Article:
When Should I File For Spousal Benefits, And Can I Continue Working?

Category: 
Dec 27 2016 - 3:45pm

My wife was recently approved for SS disability retroactive to September 1, 2016; she is 62 years old. I am 67 years old and am still working full time. I plan on retiring on June 30, 2017 and currently have a request (dated October 4, 2016) into SS for withdrawal of my suspended retirement application; I have received no SS payments as a result. I have planned to defer taking my SS retirement until age 70 to accrue deferred retirement credits.

My first on is based on the above circumstances. Should I file for spousal benefits under my wife's disability now or wait until my application for withdrawal of my suspended retirement (suspended retirement was approved by SS in April 2016) is approved and then apply for the spousal benefit?

My second question is how would my continuing to work effect my spousal benefit. I understand there is a maximum that may be paid,; how is this determined. Is there a formula based on what I earn or my or our combined income? what is the formula for calculating this or is there just a limit on what can be earned or unearned income?

Thanks,
Roger

Hi Roger,

Since you are age 67, you can elect up to 6 months of retroactivity on your spousal application, but you can't be entitled any earlier than your wife's first month of entitlement. So, the latest that you'd want to apply for spousal benefits is 6 months after your wife's first month of entitlement. There is a 5-month waiting period for disability benefit entitlement, so I don't know if you mean that September 2016 is your wife's first month of entitlement to disability, or if that's when her waiting period begins.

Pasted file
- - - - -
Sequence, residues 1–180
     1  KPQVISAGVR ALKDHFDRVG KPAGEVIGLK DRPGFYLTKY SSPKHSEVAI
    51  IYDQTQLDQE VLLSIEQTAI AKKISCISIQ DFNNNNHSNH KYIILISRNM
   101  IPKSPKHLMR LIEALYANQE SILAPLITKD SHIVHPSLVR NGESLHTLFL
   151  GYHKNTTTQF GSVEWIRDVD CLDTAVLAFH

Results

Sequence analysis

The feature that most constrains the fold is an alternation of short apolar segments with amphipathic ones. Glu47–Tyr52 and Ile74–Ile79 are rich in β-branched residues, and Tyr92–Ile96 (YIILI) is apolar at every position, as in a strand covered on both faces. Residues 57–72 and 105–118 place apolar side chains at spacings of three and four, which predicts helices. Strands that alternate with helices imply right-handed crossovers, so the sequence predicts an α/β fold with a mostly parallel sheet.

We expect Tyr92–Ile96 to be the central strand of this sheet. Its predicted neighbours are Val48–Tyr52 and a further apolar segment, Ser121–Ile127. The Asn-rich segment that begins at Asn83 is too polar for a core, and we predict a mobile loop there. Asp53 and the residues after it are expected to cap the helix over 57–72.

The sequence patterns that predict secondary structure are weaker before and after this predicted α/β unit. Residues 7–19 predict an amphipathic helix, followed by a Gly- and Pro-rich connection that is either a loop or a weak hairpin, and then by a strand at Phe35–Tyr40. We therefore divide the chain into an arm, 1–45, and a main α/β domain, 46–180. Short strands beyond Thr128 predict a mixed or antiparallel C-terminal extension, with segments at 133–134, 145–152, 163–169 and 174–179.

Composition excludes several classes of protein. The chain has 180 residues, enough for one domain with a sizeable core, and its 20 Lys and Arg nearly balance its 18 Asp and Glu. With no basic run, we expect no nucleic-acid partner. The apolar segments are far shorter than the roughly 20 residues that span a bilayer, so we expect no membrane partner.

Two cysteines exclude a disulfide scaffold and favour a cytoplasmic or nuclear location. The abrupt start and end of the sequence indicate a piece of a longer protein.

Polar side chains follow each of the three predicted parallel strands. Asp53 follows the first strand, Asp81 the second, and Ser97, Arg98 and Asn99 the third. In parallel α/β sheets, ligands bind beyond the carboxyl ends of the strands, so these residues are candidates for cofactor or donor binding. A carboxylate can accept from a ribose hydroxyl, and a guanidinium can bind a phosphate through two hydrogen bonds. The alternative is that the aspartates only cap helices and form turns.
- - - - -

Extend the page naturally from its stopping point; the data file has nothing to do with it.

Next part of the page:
Social Security can't approve your application for spousal benefits until the withdrawal of your retirement application is approved. Therefore, it might be best to wait until your withdrawal request is approved and processed, as long as your spousal application is filed within 6 months of your wife's first month of entitlement. For example, if September 2016 is your wife's first month of entitlement, you'd want to apply for spousal benefits no later than March 31 2017. And, of course, you'd want to choose her first month of entitlement as your month of entitlement to start spousal benefits.

I'm not sure if I understand your second question. There is no limit on the amount that you can earn and still be eligible for spousal benefits, since you are already above full retirement age. Nor is there any limit on unearned income. The family maximum benefit payable on your wife's disability account is determined by her earnings history. Specifically, it will be calculated based on an average of her best 35 years of inflation adjusted earnings. The highest possible family maximum on a disability account is 150% of the disabled person's full benefit rate, which would permit you to receive a full spousal benefit of 50% of your wife's rate. However, if your wife has a very limited earnings history, the family maximum could be as low as 100% of her full benefit rate, which would leave you with a zero spousal benefit. If that was true in your case, it may be advantageous for your wife to apply for reduced retirement benefits, since even the minimum family maximum on a retirement account is 150% of the worker's full retirement age benefit rate. For more information on family maximum calculations, see the following: https://www.ssa.gov/policy/docs/ssb/v75n3/v75n3p1.html.

Best, Jerry